What’s in a name?

After the ceremony and after the reception, when all the guests have gone and the tables are cleared, there you are: Mr. and Mrs.

The next morning, the groom wakes up with his name intact. However, the bride wakes up with a different identity.

Every few days during the wedding planning process, I had a different obsession. A few days after the proposal, it was setting the right date. As plans moved along, the focus shifted to location, invitations, food, etc. And now, about a week before the wedding, it’s the name change. I have no problem with starting the day as a “Ms.” and ending it a “Mrs.”; I look forward to it. But, while Woldoff is a very nice surname, I’ve become a little apprehensive about changing my name.

Maybe it’s all the work involved. I just want to enjoy married life after the wedding, but no, I’m going to have to conquer yet another checklist: driver’s license, passport, social security card, credit cards, etc.

It wasn’t such an issue changing my name when I first married in my early 20s. I’d never had a business card with my maiden name, much less multiple e-mail addresses or a byline showing up on Google search results. I’ve had long-lost friends find me through the Internet because they knew that one characteristic – my name. It’s almost as if a part of me is being erased or like I’m going into some witness protection program.

But what are my options?

Some people choose to hyphenate, but I don’t want to do that; since Namm isn’t my maiden name, it would be like carting along baggage from my previous marriage. Plus, there’s the issue of having a name that’s different from your children’s, which can get confusing (not to mention the possibility of giving your grandchildren a multi-hyphenated name).

Some couples share their last name – the wife adds on the husband’s name and the husband adds his wife’s so they have a dual last name that includes both. But again, that won’t work in my case because I don’t want to retain my previous husband’s name – I have kept it until now only because I didn’t want to go through the trouble of changing it again after we divorced.

Sometimes, people just combine their names to make up a new name, but being founders of a family name sounds like too much responsibility, and we’d lose a connection to the past. That’ll also be very confusing for future genealogists trying to research family roots.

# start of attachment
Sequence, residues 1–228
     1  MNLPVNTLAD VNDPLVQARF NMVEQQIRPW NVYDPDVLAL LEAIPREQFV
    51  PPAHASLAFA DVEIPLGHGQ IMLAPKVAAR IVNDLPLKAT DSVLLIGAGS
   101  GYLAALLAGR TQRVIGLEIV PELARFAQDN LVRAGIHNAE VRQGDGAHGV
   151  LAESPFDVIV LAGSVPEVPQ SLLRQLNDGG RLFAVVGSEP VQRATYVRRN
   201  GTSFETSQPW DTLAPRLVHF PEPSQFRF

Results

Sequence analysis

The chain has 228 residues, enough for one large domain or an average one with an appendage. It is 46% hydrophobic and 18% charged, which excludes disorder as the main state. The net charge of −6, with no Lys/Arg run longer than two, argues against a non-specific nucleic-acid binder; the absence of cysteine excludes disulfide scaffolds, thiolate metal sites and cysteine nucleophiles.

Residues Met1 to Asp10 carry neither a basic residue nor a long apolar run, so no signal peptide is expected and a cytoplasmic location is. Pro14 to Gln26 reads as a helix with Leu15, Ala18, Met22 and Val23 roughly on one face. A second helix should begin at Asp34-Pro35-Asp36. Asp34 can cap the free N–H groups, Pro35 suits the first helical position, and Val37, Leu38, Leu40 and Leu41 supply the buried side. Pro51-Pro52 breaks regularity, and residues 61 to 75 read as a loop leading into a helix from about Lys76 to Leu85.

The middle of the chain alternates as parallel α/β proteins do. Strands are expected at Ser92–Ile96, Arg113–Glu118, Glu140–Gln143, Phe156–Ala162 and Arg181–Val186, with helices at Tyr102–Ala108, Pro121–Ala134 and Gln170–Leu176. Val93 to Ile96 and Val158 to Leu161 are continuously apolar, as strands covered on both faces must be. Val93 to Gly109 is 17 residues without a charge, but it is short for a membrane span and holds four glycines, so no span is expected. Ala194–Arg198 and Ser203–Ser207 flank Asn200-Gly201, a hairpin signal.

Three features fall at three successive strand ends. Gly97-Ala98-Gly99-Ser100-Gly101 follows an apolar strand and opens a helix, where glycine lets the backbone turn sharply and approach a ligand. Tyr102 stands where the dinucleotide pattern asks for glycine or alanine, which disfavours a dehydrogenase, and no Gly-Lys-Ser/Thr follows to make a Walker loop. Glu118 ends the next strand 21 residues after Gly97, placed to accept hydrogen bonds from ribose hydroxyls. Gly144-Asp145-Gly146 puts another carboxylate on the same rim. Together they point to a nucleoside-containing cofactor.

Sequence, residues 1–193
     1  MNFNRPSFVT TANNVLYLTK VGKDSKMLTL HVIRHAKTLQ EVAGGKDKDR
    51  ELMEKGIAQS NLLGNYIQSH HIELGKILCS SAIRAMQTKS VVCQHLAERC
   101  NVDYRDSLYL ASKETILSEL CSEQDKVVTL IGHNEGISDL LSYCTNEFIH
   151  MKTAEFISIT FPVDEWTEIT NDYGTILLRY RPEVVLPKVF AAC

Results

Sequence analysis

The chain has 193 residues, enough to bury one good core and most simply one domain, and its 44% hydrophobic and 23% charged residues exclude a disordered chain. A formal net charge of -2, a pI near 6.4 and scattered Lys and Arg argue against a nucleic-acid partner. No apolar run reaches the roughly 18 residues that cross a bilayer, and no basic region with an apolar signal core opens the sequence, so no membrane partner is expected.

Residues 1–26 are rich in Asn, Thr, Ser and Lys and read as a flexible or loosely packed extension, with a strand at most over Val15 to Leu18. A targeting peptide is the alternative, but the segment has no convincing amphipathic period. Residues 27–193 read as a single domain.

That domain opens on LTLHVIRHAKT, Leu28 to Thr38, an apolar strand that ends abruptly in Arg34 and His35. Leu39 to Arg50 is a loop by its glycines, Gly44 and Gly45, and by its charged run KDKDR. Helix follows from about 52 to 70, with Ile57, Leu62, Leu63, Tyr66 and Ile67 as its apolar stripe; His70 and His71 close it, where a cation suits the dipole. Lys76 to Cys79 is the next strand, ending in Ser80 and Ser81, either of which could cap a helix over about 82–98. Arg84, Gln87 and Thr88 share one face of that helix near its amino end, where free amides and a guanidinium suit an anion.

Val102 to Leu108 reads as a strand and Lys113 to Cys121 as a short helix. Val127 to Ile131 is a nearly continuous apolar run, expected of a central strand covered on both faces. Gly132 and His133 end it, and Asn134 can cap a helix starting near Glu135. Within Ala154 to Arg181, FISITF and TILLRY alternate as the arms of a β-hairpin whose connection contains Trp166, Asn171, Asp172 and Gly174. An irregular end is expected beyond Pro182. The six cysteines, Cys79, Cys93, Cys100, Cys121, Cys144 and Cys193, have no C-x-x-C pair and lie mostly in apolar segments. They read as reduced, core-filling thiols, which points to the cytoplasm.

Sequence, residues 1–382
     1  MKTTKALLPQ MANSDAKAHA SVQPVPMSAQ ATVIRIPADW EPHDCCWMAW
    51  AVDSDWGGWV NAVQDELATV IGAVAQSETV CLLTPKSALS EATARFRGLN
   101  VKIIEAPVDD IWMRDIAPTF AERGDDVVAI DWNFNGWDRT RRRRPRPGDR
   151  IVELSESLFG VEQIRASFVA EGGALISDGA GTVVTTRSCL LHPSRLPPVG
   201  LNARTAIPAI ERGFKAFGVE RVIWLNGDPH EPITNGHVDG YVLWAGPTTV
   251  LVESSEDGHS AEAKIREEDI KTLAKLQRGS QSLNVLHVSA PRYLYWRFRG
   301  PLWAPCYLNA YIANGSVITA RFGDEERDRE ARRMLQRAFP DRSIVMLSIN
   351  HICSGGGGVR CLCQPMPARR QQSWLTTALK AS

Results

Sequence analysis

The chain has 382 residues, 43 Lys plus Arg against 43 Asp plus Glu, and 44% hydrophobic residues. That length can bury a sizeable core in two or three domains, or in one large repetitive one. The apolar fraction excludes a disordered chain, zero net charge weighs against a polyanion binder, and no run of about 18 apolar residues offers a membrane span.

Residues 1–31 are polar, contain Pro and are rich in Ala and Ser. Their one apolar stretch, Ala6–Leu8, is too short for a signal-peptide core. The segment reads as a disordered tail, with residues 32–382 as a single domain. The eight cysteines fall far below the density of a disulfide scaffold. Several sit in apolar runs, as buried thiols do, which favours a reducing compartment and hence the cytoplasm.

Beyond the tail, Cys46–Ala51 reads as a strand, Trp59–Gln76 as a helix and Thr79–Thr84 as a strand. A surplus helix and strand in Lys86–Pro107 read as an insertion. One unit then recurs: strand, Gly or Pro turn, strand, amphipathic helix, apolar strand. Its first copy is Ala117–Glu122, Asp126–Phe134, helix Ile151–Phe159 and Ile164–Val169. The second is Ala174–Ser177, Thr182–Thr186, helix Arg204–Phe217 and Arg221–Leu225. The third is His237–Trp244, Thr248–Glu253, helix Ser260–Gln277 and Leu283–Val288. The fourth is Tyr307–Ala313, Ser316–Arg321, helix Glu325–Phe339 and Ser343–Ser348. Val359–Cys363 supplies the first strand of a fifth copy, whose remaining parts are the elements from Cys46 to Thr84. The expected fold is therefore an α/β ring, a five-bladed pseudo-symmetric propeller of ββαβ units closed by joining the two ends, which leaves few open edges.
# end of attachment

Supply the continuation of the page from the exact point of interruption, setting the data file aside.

While about 90 percent of American women assume their husband’s surname, there are still a vocal few who perceive it as “archaic,” which I discovered when I came across one community blog, AskMetaFilter.com. On this site, there was a whole discussion about this topic, ideas that I had never even considered. Although it came through in the postings that it was a rather liberal site, it did bring up some interesting options.

Husband takes wife’s name; husband and wife keep their own name, then combine the two for their children’s last names; each spouse keeps their own last name then the sons take their father’s surname and the daughters take their mother’s; wife keeps name, gives children her name as a middle name.

According to a recent study by Harvard economics professor Claudia Goldin, based on Massachusetts birth records and marriage announcements in The New York Times, the number of college-educated women keeping their name dropped from 23 percent in 1990 to 17 percent in 2000. Explanations in articles analyzing this study ranged from a shift back to traditionalism to the fact that it’s just easier in the long run.

Although I still haven’t decided what I’m going to do professionally, I know that in my personal life I plan to take the name of my husband. Since Judaism teaches that through marriage man and woman become one, we might as well have the same last name.

This article first appeared in the June 10, 2005 issue of Jewish News of Greater Phoenix.

It’s about the marriage, not the wedding

It’s the marriage that’s important, not the wedding.

I keep repeating that mantra each time wedding details begin to overwhelm me. Hors d’oeuvres, centerpieces, flowers, music, cake – the “to do” list goes on.

A few days after Ron proposed, I told him I wanted to avoid the inevitable stress involved with planning a big wedding. “I just want something simple,” I said.